6. Plans for the 2001 state budget are firming and include measures that would bring about a durable—albeit modest—improvement in public finances. Cabinet approved two measures that, if agreed by parliament, would permanently improve the fiscal outlook. First, several items currently taxed at the 5 percent VAT rate would be transferred to the standard 22 percent category, which would yield an additional CZK 6.5 billion (⅓ a percent of GDP) in revenues in 2001 and help align the tax system with EU requirements.1 Second, lifetime pension benefits for early retirees are to be reduced below the level of benefits for those who retire at the normal retirement age, while benefits for late retirees will be raised. Although this reform would save only a small amount in the short run, it signals the authorities’ willingness to begin to reform pension finances. Also in the area of pension reform, a proposal passed its first reading in parliament, which sets aside CZK 200 billion (10 percent of GDP) in privatization revenues to cover the shortfall in contributions to the existing PAYG system that would arise from setting up a system of private pension funds. However, this was opposed by the government, which plans to allocate CZK 40 billion to bolster the state-run PAYG system. A parliamentary commission to study pension reform was created in early July and is expected to present its recommendations by end-2001.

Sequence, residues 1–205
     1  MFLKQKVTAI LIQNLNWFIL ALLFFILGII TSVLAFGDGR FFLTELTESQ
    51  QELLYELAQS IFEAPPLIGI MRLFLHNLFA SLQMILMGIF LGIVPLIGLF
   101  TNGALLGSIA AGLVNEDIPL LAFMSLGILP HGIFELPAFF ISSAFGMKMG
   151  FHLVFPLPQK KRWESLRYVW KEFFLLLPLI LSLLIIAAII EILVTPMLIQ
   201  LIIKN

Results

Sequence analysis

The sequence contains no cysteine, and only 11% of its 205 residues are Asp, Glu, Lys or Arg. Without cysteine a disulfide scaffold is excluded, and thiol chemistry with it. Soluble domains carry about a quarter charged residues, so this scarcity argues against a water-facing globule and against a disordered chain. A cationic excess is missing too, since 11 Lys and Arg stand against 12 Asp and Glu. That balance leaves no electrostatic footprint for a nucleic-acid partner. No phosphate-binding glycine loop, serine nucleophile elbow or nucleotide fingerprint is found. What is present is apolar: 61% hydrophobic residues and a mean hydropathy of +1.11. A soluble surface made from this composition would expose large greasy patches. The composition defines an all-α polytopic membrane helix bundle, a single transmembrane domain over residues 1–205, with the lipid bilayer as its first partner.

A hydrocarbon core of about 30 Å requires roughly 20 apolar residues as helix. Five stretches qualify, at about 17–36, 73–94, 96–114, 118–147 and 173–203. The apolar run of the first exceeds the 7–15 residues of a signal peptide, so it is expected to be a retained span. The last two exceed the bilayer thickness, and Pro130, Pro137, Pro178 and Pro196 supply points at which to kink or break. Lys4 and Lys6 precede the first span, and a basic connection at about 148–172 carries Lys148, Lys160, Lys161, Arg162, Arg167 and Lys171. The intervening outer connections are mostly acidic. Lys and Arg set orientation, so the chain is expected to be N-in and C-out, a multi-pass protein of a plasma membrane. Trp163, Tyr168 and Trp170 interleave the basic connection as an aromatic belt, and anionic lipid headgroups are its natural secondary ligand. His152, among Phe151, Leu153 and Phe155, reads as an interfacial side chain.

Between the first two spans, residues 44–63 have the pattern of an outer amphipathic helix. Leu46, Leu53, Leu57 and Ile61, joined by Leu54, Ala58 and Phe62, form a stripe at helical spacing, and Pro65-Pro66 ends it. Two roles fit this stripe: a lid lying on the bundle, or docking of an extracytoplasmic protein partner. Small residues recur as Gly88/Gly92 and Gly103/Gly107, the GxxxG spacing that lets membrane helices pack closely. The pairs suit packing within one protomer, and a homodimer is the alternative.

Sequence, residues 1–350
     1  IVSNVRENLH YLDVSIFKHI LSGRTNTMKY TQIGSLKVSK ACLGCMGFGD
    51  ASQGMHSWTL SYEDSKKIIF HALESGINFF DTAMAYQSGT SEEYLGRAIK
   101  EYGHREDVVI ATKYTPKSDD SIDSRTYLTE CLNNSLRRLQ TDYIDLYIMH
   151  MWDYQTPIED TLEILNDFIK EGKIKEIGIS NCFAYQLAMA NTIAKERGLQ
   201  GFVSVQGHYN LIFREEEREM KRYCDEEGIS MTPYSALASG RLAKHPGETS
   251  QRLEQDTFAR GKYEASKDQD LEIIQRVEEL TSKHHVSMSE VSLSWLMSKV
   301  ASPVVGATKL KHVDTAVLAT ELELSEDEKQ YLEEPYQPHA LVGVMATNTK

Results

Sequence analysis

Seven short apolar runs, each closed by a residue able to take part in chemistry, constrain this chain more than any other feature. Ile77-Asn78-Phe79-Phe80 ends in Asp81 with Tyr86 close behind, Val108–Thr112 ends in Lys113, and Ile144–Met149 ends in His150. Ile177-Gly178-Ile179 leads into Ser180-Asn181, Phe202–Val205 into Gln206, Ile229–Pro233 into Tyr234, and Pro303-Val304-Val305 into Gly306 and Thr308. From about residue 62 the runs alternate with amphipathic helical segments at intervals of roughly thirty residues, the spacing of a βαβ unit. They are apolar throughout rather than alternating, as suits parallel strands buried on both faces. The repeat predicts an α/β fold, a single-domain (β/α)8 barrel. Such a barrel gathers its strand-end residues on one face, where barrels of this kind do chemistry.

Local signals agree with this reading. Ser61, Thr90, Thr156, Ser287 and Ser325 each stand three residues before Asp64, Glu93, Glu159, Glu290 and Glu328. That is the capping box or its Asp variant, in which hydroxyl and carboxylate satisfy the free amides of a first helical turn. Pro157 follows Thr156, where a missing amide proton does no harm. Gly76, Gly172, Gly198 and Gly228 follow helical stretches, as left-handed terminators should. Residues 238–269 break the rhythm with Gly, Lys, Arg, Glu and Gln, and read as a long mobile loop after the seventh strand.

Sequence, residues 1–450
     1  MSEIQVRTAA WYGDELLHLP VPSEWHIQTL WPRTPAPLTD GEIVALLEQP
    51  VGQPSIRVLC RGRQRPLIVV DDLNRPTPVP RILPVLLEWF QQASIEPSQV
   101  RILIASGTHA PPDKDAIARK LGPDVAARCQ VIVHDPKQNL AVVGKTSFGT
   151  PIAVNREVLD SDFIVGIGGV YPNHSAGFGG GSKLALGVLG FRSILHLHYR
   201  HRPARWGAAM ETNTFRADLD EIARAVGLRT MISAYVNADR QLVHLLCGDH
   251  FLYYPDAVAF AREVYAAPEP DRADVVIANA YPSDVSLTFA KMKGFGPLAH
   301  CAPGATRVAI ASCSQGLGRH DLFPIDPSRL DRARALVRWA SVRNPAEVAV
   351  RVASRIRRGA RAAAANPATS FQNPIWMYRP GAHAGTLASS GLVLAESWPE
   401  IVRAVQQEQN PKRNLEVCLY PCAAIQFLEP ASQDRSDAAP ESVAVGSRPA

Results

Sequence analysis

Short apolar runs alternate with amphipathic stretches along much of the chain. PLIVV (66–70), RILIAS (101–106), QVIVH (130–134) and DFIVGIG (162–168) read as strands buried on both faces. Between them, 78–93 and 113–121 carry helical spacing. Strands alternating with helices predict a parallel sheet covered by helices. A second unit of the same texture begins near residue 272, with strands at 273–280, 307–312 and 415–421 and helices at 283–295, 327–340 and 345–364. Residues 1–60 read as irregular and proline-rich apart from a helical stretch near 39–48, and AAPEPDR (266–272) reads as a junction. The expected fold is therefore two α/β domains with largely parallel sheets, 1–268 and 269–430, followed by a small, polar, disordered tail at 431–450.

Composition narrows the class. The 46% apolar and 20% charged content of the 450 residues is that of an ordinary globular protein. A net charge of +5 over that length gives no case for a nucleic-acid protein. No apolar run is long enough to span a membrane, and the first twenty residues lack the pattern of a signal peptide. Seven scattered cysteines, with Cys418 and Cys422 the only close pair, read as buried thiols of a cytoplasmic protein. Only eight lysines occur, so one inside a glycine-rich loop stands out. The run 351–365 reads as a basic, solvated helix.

7. Regarding the financial difficulties in Investiční a Poštovní banka (IPB), the rapid sale to a Belgian strategic investor—which was done without a competitive tender—has drawn fire from the opposition. In a nearly unanimous vote, the lower house of parliament decided to form a special commission to investigate the events at IPB from the time of its establishment in the early 1990s until its sale in June 2000. The commission has been given one year to complete its report. According to estimates presented in a joint government-CNB report on the events at IPB, the impact on the Czech economy of an outright failure of the bank, as opposed to the chosen method of forced administration, would have been a drop in GDP of 2-4 percent.
8. The lower house of parliament approved a number of amendments to the CNB Act on July 14. Major changes include: (i) shifting the CNB’s policy objective from currency stability to price stability; (ii) subjecting the CNB’s operating budget (but not the budget to cover activities related to achieving its primary objective) to parliamentary approval; (iii) giving the government an exclusive power to nominate the CNB governor, vice-governors, and board members (whereas their appointment is made by the president as before); (iv) calling on the CNB to consult with the government when setting inflation targets and the exchange rate regime; and (v) aligning salaries of CNB employees with those of civil servants. Proposals that would have required the CNB to consult with the cabinet on significant monetary policy decisions and permitted parliament to reject the CNB’s monetary report were voted down, which reduced the concern expressed in the staff report to a certain extent. However, some of the approved amendments could potentially constrain the CNB’s operational independence. The bill must be sent to the Senate and then the president for final approval.
However, other items, including telecommunications, construction and energy for heating, which are currently taxed at the preferential rate, are required by the EU to be taxed at the higher rate.